It’s Good To Be Dead


Hard to believe it’s been over three years since all those murders went down. Even harder to believe that Vanderhof basically walked, but he did. As he had said, that’s why they have attorneys, my friend—in his case, a stable of them, high priced, ruthless and feasting on technicalities. Once those boys blew a hole in the handling of the DNA, the case fell apart and the judge had no choice but to let Vanderhof off, at least when it came to Connie McPherson’s death. The DA’s office had done their share of bungling, as usual. So had he cops. Then there was all that stuff that you and I weren’t supposed know or understand. The murders of Rick and Colby came under that heading.

In any case, unable to pin anything else on Vanderhof, they gave him five years for killing his daughter. Involuntary manslaughter, momentary insanity. He served three and a half of it and walked back out, a free man.

I saw him there towards the end of his sentence. They had transferred him down to a nearby low security facility for his final thirty days, working on his parole and terms of release. I was driving out the canyon one day and spotted him along the side of the road, spearing trash with a stick. It was hard to miss that big, Slavic looking mug. His mouth and smile took up half of his face.

Well nobody ever said that life was fair. By the time you’re twenty-one or so, you ought to know that down in your gut. That or you’re a fool. Just look back and anywhere around you. The proof is every which way you turn.

I remember my old man always saying this about life over the years, “At least I won’t have to be around to worry about it.” That’s pretty much the way I’ve been feeling these days. Half the homes down on the waterfront got swamped last winter. You can say the seas aren’t rising but now everyone down there has a sump under their house. Two years ago, they let Placento Corporation build a big research facility out in the canyon. God only knows what they’re doing out there. A big shot resort company took over the old trailer park last year and now they’re trying to con the city council into letting them build a yacht harbor up on the north end. The council has been selling the town to highest bidder for the past twenty years so you know where this thing is headed. The only thing standing between us a dredging barge is the Coastal Commission. Their decision is supposed to come down next year.

I was okay with one thing the council saw fit to approve this past winter—permitting the High & Dry Bar & Grill over on the backside of town When they did, they also okayed a discreet little neon sign—vertical, with a martini glass and the name of the bar. It’s tasteful and seems to fit the darkened, back alley atmosphere.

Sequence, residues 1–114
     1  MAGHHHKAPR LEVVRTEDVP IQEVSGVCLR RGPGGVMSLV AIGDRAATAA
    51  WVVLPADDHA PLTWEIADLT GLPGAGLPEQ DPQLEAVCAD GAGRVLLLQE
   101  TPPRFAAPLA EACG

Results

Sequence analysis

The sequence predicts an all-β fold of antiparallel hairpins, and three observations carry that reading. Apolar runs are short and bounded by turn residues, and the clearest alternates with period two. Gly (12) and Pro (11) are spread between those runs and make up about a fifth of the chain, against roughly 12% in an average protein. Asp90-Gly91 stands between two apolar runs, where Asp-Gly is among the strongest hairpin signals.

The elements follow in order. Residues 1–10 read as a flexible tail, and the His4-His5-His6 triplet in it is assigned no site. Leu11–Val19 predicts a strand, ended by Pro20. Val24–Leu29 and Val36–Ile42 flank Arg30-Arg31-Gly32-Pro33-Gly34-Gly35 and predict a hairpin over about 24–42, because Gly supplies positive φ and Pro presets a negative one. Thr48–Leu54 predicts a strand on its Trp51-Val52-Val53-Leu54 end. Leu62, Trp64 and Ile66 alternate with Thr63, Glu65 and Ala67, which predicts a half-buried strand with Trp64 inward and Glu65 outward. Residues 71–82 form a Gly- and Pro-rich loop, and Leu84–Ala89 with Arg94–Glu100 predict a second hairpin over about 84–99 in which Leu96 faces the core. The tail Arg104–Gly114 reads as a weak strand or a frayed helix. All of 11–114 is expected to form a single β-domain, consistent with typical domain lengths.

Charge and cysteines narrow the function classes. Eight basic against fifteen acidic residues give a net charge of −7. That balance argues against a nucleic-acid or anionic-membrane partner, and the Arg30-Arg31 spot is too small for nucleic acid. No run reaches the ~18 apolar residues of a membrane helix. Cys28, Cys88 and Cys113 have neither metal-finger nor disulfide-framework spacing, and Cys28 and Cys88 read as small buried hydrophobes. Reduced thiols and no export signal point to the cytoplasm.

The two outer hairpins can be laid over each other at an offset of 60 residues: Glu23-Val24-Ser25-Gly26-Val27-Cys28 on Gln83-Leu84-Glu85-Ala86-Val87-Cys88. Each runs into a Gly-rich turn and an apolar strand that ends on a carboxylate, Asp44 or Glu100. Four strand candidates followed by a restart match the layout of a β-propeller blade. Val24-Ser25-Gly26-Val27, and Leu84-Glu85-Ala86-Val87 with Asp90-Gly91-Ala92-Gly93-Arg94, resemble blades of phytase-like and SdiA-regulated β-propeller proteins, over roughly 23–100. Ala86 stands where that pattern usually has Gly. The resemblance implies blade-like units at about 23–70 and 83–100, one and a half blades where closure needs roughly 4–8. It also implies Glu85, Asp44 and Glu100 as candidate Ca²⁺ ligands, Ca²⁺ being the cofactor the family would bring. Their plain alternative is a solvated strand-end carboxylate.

There is something about bars and flashing neon signs. You sit in there on a rainy night with the sign going on and off and you’ve got something going.

I had taken up my seat at the bar one evening when, speak of the devil, Vanderhof pops in. An autumn feeling came in with him through the opened door.

“Hey,” he said with a big smile and a slap on the back for me. “How are you doing? Still one mortgage payment shy of the streets?”

“Actually, two,” I said. “I’ve built up a bit of a war chest.”

Vanderhof smiled at me with seeming admiration.

“I don’t know how you do it,” he said.

“I don’t either.”

Vanderhof was still smiling at me with seeming admiration.

“You know, I never did say, hey, fuck you, but no hard feelings. It’s water under the bridge, right? We’re pals?”

He held out his hand and I shook it. Peace on earth and all that.

“Well, listen, I’m meeting some folks for drinks and dinner so I’ve got to go, but hey. Let’s you and me go grab a drink some night and reminisce.”

“I’d just as soon forget.”

“Sure, whatever you say, partner. You’re all right with me.”

You’re all right. Go tell that to Steve McPherson.

Off Vanderhof went into the din of laughter and tinkling glasses. I tried to picture him sitting there in jail for three and a half years, knowing he had ten, fifteen billion dollars waiting for him when he got out. And here I felt good about having a few mortgage payments stashed away in the bank.

I had been playing with my Ivanhoe for several minutes when I felt another slap on the back. I looked up this time to find Eric’s big, sunny smiling face looking down at me. In the old days, when he was bartending, he always kept his hair pulled back tight in a ponytail but now it was like someone had given him a wild perm, and he had slept on it.